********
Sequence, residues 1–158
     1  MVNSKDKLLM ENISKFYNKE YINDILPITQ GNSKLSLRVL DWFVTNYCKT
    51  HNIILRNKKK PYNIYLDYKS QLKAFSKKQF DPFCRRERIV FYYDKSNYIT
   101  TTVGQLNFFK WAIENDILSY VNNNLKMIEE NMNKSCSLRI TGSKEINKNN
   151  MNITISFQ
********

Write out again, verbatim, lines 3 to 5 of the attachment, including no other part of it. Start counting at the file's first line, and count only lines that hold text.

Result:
    51  HNIILRNKKK PYNIYLDYKS QLKAFSKKQF DPFCRRERIV FYYDKSNYIT
   101  TTVGQLNFFK WAIENDILSY VNNNLKMIEE NMNKSCSLRI TGSKEINKNN
   151  MNITISFQ